image by Jen Kahanek from Unsplash
1. It helps you stay awake during the sermon. Embarrassing as it is to have this as the first reason, it's nevertheless the most obvious one. Let's not get defensive on this. Even if you managed to go to bed before midnight on Saturday night, chances are your body is still going to think it's naptime as you sit there in that too-comfortable chair, in air-conditioned surroundings, the peaceful atmosphere only broken by the preacher's murmuring voice...aaaaand the next thing you know you're struggling to just keep your eyelids open. Sure, have your coffee, but try taking notes.
2. You're able to see and piece together the sermon's content progression--how this point ties in to one made at the beginning, how all the points work together to address the different issues presented at the beginning...
If you're just listening to it as it comes, you tend to forget what came before--you don't realize how important it is that this point was covered, perhaps, or what's the significance that it gives to the main theme. Passively absorbing in our default Sunday-morning-sponge style might allow you to gain a few insights on good days, but it seldom enables you to grasp and appreciate the sermon as a whole, as a carefully structured argument/discussion; to see those insights and points not only individually, but in context to the rest of the sermon.
3. You can look back and have a fresh experience of benefiting from that same sermon, even years later; in summarized form--handily rephrased in the way most suitable to your own learning/reading style! Talk about getting the most out of it. I have a box of old sermon note books under my window, which still benefit me when rereading them. Also providing concrete proof that my handwriting, bad as it seems now, used to be worse.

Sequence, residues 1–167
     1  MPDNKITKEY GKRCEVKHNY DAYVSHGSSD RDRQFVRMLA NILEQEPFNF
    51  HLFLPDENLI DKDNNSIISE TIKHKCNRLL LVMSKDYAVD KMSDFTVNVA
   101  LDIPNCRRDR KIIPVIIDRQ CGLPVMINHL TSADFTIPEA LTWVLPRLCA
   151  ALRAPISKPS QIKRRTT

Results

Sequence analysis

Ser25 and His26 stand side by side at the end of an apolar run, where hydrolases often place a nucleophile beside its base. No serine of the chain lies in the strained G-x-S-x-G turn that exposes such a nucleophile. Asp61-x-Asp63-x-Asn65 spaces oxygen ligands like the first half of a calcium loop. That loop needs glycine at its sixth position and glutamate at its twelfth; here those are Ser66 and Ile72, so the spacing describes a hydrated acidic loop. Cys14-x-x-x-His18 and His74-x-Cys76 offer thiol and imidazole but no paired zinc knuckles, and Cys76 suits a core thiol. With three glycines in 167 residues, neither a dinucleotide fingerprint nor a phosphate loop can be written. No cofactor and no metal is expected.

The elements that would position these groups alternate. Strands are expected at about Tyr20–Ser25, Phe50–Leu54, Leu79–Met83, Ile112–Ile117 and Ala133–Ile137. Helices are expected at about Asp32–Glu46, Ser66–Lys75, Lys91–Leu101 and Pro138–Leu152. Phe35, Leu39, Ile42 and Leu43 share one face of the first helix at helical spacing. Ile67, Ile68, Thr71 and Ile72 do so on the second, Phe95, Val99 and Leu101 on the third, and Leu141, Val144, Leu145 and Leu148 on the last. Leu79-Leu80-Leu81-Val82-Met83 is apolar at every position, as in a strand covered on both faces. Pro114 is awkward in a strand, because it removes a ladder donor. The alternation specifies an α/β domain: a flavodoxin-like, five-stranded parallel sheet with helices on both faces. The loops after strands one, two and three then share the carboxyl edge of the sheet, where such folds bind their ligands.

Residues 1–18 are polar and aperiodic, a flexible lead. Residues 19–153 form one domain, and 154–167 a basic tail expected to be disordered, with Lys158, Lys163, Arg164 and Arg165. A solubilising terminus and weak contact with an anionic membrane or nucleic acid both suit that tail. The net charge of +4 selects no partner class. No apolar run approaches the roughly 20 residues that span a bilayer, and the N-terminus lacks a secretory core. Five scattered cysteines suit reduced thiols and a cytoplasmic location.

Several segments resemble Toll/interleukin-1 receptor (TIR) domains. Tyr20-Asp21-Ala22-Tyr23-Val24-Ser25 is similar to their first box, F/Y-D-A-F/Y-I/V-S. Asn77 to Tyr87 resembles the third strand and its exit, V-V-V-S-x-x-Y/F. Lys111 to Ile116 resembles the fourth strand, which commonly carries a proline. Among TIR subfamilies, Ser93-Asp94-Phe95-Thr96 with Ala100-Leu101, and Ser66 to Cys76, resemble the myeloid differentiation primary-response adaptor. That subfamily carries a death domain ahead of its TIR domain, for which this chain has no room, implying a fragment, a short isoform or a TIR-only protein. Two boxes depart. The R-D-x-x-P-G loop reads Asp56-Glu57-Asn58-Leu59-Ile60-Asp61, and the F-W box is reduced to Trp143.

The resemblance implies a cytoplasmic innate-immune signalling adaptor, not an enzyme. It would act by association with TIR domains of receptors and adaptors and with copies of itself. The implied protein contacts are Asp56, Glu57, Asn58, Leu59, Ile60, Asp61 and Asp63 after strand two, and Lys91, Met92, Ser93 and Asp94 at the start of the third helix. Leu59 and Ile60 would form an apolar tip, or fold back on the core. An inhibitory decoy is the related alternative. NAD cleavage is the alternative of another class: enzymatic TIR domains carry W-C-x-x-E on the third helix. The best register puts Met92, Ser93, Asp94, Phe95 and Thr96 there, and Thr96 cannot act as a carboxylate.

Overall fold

4. It challenges you to listen attentively (this is, by the way, a whole different thing from simply staying awake as in point 1) and trains you to actively process what you hear, since you're not simply transcribing verbatim what the preacher says. You have to pick out the main meaning of the sentence, determine whether it's the next point or a supporting point, and where it belongs on the page.
5. You learn to better appreciate the work and dedication that goes into preparing a sermon. We tend to take it for granted, don't we? Turn up at church every week and plop down, ostensibly to listen--in reality, try not to fall asleep--criticize the random fragments we remember hearing, because they don't make sense, they sound disjointed, you know I think I could do better than that if I tried... And we walk out feeling vaguely dissatisfied, as if the sermon vending machine didn't give us a run for our money. As a pastor's daughter I've observed how much effort and labour goes into that one hour plus sermon which we take for granted, every Sunday for years and years. Seemingly so simple, yet so unquantifiable the way other kinds of work is. Preparing a sermon is most definitely a creative process, though that's not often what we tend to think of it as. (From my own, if comparatively insignificant, experience of running this blog I know how baffling it can feel to sit down, facing a weekly deadline, and a desire to write something fresh, relevant, helpful, insightful, and yet at the same time have your brain completely blank. It's demoralizing and frustrating. Sometimes you spend hours working away at an idea, only to eventually realize it has to be scrapped. There goes all your work and time, and you're still no closer to finishing. And that's just the logistical side of the actual writing process. The spiritual aspect can be just as big of a barrier as well. You've been feeling low and disappointed in yourself recently; you question whether you've grown spiritually at all, whether you're still qualified to try and edify others after lapsing into sin or falling back into unhelpful habits...)
Let's not take every sermon for granted.
a small voice
Ci thinks some of God's greatest blessings to mankind are
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